Media ownership remains potent in Mexico. Several dozen national newspapers are published daily, and many more digital news outlets have opened in the last two years.

What was not opened until June 2013 was broadcast media. Only two news outlets were for long able to transmit television signals nationally through open television channels. They were Televisa and Television Azteca, which are owned by two of Mexico’s wealthiest citizens. However, with a new Telecommunications law that was approved by Congress in June 2013, Mexico will be able to have two more open signal channels. Another wealthy Mexican, Carlos Slim, who owns an internet-based television network called Uno Noticias will probably benefit from the new law. The new legislation will also promote the installation of a broadband Internet network nationwide.

There are 41 million Mexicans who use the internet, according to the Mexican Association of Internet. The states with the highest number of internet users are in Mexico City, State of Mexico and State of Jalisco. The average daily use of the web ranges from four hours to nine minutes. More than 90 percent of all Mexicans using the internet also use social media.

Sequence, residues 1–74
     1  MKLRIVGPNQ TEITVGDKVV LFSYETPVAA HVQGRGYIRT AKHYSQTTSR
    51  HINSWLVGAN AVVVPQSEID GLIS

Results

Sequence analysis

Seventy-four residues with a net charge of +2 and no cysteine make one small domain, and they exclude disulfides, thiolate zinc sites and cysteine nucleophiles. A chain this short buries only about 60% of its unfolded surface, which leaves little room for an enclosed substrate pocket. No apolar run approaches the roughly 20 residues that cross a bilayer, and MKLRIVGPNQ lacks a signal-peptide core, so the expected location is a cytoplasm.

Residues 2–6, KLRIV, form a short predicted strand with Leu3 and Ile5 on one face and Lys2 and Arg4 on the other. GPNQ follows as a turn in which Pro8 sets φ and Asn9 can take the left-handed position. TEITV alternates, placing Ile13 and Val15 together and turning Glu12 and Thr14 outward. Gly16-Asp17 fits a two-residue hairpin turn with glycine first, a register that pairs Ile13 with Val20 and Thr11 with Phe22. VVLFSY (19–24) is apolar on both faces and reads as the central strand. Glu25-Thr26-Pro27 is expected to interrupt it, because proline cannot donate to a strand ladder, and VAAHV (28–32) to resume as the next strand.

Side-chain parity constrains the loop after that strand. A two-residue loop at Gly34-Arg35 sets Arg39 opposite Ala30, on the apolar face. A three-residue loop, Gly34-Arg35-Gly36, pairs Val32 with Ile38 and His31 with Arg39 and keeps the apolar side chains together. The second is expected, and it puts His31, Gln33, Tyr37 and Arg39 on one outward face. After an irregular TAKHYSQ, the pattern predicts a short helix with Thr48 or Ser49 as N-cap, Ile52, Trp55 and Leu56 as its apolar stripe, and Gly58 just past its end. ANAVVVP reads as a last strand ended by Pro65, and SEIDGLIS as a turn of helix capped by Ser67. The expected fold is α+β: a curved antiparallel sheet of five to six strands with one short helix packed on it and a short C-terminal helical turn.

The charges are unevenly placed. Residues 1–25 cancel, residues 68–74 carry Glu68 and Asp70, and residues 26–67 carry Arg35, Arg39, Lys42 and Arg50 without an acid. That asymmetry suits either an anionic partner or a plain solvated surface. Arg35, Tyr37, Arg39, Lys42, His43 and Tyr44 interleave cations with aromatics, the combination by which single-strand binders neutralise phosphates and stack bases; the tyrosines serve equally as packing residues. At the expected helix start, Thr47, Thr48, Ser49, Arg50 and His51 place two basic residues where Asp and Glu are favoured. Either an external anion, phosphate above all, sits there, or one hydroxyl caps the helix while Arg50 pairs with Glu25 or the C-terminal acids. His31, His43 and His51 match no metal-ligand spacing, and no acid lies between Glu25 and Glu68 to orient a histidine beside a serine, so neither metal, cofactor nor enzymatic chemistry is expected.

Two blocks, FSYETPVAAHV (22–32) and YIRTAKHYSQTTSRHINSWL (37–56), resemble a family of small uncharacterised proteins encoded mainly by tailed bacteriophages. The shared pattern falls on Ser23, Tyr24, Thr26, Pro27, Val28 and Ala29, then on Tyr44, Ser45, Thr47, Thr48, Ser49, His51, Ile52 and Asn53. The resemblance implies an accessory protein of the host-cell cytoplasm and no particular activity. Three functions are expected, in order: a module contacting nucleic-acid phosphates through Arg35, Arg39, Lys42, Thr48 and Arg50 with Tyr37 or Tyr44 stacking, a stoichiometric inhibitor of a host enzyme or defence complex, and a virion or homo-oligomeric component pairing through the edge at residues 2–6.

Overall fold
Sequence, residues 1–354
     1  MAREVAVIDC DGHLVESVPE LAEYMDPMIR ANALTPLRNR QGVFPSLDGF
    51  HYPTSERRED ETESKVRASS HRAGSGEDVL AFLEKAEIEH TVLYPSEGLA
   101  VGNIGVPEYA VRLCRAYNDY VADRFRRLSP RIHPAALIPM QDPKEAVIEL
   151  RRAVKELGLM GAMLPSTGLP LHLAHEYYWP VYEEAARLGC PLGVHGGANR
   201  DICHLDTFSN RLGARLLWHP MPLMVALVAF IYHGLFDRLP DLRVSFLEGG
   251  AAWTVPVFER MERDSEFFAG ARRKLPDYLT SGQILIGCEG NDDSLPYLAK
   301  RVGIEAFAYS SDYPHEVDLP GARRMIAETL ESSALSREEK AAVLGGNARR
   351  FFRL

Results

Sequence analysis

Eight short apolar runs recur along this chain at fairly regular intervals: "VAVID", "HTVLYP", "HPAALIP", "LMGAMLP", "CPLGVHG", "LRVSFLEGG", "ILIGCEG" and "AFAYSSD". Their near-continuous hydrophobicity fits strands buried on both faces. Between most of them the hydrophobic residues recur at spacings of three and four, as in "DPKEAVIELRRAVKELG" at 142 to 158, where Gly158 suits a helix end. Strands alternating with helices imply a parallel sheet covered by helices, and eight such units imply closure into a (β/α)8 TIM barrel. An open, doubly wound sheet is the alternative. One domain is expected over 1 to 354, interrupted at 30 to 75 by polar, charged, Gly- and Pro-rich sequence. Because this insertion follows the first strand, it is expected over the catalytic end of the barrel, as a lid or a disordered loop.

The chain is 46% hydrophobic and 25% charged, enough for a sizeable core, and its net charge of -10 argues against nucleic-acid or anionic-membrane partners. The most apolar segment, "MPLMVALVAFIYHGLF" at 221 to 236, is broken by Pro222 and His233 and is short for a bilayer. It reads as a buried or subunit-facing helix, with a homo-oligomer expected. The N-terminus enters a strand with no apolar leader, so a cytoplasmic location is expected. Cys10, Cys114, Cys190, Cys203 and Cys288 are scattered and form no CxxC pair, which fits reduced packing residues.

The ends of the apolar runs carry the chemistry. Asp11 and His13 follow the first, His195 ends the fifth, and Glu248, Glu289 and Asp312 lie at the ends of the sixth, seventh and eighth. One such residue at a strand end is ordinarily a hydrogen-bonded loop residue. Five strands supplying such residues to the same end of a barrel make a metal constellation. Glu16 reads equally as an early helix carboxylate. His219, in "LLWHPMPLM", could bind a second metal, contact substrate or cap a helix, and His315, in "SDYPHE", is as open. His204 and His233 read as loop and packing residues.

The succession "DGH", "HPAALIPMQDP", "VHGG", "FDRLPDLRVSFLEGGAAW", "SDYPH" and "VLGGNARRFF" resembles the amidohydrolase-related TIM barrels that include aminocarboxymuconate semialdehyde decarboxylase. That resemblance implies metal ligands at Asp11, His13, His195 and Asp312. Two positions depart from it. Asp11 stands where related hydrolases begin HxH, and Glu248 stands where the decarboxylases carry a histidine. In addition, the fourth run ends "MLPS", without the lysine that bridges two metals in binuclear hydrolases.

Artistic Freedom

Artists have enjoyed unprecedented freedom to be creative in Mexico. The only problem lies with the commercial theatre network, which tends to not keep Mexican made movies long enough in exhibition. One movie that is critical of the legal system in Mexico City and the tradition by local police of grabbing innocent people and accusing them of murder and other crimes, Presumed Guilty, has faced serious challenges because of what appears to be an alleged concerted campaign by a Mexico City legal group that has stopped the film from showing in the country because of multiple lawsuits brought on by people who are shown on the film, and who never signed an agreement to appear in the movie.

This article was originally published on 27 Aug, 2013 at